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Front. Microbiol. | doi: 10.3389/fmicb.2018.00856

Evaluating bacteriophage particles containing antibiotic resistance genes in the sputum of cystic fibrosis patients

Maryury Brown-Jaque1, Lirain Rodriguez-Oyarzun1, Thais Cornejo Sánchez2, 3,  Maria Teresa Martin-Gomez2, Silvia Gartner4,  Javier de Gracias4, Sandra Rovira4,  Antonio Alvarez4, Juan Jofre1,  Juan Jose Gonzalez-Lopez2 and  Maite Muniesa1*
  • 1Dept. microbiology, Universitat de Barcelona, Spain
  • 2División de Micología Clínica, Departamento de Microbiología, Hospital Universitario Vall d'Hebron, Spain
  • 3Microbiology, Vall d'Hebron Research Institute, Spain
  • 4Cystic fibrosis unit, Hospital Universitari Vall d'Hebron, Spain

Cystic fibrosis (CF) is a chronic disease in which the bacterial colonization of the lung is linked to an excessive inflammatory response that leads to respiratory failure. The microbiology of CF is complex. Staphylococcus aureus is the first bacterium colonizing the lungs in a 30% of paediatric patients. Later, a 80 % of adult CF patients develop a chronic Pseudomonas aeruginosa infection, and other microorganisms can also be found.

The use of antibiotics is essential to treat the disease, but antibiotic performance is compromised by resistance mechanisms. Bacteriophages have recently been reported to constitute one of the various mechanisms of transfer of antibiotic resistance genes (ARGs), and are the least explored in clinical settings. Here we evaluate their presence in CF patients. 71 sputum samples of CF patients were used to quantify eight ARG (blaTEM, blaCTX-M-1-group, blaCTX-M-9-group, blaOXA-48, blaVIM, mecA, qnrA and qnrS) in the bacteriophage DNA fraction. The phages found were also purified and observed using electron microscopy. 32.4 % of CF patients contain ARGs in phage DNA. β -lactamase genes, particularly blaVIM and blaTEM, were the most prevalent and abundant, whereas mecA, qnrA and qnrS were very rare. Siphoviridae phage particles capable of infecting P. aeruginosa and Klebsiella pneumoniae were detected in the CF sputum. Phage particles harbouring ARGs were abundant in the lungs of both CF patients and healthy people and could contribute to the colonization of multiresistant strains.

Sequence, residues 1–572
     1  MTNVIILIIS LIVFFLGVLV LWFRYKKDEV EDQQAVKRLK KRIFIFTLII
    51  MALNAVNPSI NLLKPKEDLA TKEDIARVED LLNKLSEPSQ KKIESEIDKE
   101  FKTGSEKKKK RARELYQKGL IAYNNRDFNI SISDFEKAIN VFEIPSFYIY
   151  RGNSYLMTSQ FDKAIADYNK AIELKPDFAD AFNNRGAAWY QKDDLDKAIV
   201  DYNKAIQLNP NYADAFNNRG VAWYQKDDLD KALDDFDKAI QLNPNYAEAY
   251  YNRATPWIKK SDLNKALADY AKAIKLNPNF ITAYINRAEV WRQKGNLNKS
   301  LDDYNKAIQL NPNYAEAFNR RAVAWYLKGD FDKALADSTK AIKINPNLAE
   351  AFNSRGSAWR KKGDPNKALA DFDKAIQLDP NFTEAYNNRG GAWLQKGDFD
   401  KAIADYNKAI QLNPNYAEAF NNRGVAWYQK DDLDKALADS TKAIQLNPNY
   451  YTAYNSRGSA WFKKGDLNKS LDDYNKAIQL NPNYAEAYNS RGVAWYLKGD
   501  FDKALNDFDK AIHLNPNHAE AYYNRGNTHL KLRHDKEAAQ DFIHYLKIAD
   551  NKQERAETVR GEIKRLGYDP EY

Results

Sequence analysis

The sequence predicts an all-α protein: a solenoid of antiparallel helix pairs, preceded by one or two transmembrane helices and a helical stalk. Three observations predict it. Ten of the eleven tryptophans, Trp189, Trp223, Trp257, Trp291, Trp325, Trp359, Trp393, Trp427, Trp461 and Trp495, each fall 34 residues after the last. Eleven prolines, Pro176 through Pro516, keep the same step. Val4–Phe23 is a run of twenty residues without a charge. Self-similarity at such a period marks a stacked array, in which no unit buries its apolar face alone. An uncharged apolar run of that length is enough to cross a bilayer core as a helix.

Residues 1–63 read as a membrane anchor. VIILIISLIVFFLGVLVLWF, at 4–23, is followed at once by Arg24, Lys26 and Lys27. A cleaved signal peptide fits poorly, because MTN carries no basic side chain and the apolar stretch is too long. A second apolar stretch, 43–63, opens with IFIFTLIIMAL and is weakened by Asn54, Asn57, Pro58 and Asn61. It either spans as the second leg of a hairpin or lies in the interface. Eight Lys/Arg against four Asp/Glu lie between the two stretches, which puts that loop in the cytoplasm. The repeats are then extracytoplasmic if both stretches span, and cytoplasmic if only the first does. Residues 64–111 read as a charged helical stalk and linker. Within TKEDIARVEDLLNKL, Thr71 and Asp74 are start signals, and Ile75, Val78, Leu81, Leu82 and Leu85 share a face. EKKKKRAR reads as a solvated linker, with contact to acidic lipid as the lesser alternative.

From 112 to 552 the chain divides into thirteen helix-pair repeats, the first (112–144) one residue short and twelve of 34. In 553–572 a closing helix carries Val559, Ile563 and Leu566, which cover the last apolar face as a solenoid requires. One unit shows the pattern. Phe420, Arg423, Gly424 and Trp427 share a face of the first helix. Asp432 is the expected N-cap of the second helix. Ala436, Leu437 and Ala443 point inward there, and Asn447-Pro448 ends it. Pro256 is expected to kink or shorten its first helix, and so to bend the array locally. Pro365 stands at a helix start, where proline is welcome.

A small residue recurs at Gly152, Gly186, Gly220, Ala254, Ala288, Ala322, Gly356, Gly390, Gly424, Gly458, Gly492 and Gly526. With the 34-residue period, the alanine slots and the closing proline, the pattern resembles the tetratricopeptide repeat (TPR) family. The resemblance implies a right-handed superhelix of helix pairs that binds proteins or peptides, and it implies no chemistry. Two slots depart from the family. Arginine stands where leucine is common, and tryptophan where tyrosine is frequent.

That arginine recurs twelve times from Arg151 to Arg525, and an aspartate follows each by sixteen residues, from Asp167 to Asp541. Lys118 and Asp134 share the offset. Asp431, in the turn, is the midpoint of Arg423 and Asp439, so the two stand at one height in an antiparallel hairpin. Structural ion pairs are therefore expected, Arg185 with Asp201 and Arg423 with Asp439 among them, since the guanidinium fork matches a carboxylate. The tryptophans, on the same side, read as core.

Keywords: Cystic Fibrosis, bacteriophages with antibiotic resistance genes, horizontal gene transfer, Sputum, Betalactamases

Received: 19 Jan 2018; Accepted: 13 Apr 2018.

Edited by:

Patrick R. Butaye, Ross University School of Veterinary Medicine, Saint Kitts and Nevis

Reviewed by:

Grzegorz Wegrzyn, University of Gdansk, Poland
Friederike Hilbert, Veterinärmedizinische Universität Wien, Austria  

Copyright: © 2018 Brown-Jaque, Rodriguez-Oyarzun, Cornejo Sánchez, Martin-Gomez, Gartner, de Gracias, Rovira, Alvarez, Jofre, Gonzalez-Lopez and Muniesa. This is an open-access article distributed under the terms of the Creative Commons Attribution License (CC BY). The use, distribution or reproduction in other forums is permitted, provided the original author(s) and the copyright owner are credited and that the original publication in this journal is cited, in accordance with accepted academic practice. No use, distribution or reproduction is permitted which does not comply with these terms.

* Correspondence: Dr. Maite Muniesa, Universitat de Barcelona, Dept. microbiology, Diagonal 643. annex. Floor 0, Barcelona, 08028, Spain, mmuniesa@ub.edu